China’s forex reserves fall US$9 billion in November on lower valuation of assets
- Despite dip, China’s foreign exchange reserves have been generally rising since end of last year as foreign investors snap up stocks and bonds
- China’s gold reserves fall to US$91.47 billion at end of November from US$94.65 billion a month earlier
China’s foreign exchange reserves fell by US$9 billion in November to US$3.096 trillion, the central bank said on Saturday, as Washington and Beijing remained locked in negotiations over an interim trade agreement.
Analysts polled by Reuters had expected China’s reserves, the world’s largest, to fall by just US$4 billion in the month.
Despite a slowing economy and an escalating trade war, China’s foreign exchange reserves have been gradually rising since late last year, helped by tight capital controls and rising inflows from foreign investors who are snapping up the country’s stocks and bonds.
Modest changes in reserve levels in recent months have been largely ascribed to fluctuations in global exchange rates and the value of assets that China holds, such as foreign bonds.
After sliding sharply this summer as the dispute suddenly escalated, the yuan rose for three straight months through November on hopes of a trade truce, only to fall back again in early December as tensions between Washington and Beijing flared. Fresh US tariffs on Chinese goods are set to take effect on December 15.
The yuan gained 0.12 per cent against the dollar in November, but remains about 2.3 per cent weaker for the year to date.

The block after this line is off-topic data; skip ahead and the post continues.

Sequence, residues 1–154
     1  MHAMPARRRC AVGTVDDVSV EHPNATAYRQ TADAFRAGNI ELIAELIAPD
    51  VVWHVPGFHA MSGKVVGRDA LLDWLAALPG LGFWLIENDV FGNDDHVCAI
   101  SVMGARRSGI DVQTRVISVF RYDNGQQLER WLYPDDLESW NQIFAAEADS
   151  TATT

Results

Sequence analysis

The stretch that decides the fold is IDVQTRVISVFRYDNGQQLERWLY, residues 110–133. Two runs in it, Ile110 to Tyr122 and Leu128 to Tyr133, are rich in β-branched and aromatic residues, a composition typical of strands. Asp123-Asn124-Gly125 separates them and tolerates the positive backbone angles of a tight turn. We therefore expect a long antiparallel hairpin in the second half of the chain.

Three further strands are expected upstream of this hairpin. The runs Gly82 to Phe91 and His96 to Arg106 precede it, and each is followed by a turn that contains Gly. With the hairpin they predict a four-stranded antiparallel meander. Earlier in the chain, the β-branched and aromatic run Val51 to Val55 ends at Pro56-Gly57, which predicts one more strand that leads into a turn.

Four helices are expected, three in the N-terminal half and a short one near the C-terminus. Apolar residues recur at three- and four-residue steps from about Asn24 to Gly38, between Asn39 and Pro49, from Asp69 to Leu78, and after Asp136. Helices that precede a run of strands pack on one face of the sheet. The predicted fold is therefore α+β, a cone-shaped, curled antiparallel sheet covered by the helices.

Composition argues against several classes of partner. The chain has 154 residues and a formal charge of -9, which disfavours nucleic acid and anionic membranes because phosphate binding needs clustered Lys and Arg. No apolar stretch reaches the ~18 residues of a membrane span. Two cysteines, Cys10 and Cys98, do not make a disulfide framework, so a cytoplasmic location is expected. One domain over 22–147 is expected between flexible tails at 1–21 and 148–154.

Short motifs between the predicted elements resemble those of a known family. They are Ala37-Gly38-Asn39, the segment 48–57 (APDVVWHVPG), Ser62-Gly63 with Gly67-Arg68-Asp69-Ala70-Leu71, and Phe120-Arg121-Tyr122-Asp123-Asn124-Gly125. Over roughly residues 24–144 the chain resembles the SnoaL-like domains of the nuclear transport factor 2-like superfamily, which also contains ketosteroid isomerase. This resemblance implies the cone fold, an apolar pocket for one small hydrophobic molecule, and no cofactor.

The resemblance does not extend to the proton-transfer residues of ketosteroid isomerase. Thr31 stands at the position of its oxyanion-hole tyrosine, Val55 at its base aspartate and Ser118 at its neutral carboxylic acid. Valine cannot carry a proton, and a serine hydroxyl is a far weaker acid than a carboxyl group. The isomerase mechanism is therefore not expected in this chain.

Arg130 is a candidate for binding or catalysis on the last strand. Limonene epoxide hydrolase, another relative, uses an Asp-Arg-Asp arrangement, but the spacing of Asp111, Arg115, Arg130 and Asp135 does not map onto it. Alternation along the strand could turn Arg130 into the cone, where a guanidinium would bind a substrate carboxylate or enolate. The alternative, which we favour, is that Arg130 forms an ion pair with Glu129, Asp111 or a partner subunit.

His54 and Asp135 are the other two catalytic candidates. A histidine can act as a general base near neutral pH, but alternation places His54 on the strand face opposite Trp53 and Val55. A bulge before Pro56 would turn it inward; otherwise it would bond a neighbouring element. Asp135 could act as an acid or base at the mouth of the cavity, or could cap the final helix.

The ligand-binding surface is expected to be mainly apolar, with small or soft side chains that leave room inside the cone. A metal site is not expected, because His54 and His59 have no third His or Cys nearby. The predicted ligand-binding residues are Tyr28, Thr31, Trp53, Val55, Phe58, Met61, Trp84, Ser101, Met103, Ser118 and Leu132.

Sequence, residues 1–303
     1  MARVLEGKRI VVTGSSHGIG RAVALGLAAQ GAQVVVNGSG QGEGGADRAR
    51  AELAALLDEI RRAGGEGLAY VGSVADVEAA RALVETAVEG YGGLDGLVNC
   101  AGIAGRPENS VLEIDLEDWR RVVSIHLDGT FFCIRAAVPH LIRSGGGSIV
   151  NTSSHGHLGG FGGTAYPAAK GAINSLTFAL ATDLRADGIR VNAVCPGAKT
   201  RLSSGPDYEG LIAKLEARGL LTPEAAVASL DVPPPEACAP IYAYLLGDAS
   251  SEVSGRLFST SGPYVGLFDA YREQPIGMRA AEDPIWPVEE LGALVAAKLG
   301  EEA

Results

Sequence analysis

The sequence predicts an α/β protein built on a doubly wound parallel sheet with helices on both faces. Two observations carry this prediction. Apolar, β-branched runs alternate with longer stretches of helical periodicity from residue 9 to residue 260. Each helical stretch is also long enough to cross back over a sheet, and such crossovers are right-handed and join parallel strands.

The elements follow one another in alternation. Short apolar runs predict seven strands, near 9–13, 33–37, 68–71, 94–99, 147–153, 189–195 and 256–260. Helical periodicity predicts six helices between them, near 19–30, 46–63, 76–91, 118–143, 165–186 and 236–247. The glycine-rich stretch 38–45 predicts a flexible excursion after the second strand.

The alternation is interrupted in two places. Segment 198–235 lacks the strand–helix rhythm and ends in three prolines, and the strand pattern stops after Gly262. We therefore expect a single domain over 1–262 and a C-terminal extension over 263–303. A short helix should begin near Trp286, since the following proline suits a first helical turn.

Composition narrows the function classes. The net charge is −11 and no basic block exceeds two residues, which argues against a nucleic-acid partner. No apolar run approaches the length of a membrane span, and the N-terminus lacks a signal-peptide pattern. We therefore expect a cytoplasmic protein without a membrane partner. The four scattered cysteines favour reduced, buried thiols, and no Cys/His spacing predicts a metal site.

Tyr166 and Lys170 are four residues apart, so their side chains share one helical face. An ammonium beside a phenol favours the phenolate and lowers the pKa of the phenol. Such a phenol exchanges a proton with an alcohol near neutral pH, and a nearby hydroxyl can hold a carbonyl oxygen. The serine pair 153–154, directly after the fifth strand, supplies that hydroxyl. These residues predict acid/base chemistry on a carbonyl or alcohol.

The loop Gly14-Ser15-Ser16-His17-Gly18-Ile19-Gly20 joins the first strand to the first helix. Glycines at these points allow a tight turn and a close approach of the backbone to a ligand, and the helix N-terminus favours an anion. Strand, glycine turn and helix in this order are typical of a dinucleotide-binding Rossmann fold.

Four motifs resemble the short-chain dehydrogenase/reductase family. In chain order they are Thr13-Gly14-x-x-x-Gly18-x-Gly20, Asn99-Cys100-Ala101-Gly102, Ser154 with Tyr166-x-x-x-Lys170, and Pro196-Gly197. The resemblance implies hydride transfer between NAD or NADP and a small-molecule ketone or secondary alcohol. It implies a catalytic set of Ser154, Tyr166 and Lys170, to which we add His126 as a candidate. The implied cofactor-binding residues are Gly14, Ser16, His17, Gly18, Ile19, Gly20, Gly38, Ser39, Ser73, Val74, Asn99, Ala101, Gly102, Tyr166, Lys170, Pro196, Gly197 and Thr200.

The dollar, meanwhile, rose about 1 per cent against a basket of other major currencies last month.
The value of China’s gold reserves fell to US$91.47 billion at the end of November from US$94.65 billion at the end of October.
China held 62.64 million fine troy ounces of gold at the end of last month, unchanged from October.
The country’s economic growth cooled to 6 per cent in the third quarter, its slowest pace in nearly 30 years, and many economists believe it will slow further in 2020.
Still, analysts say capital outflows have been modest compared with the last economic downturn in 2015-16, when policymakers burned through about US$1 trillion in reserves supporting the yuan.
China’s central bank has started to slowly trim interest rates in recent months, and more reductions are expected in the coming quarters to avert a sharper slowdown.
But analysts believe the cuts are likely to be more gradual and smaller than those in 2015. If so, moves in the yuan are likely to be influenced more by trade developments than policy easing.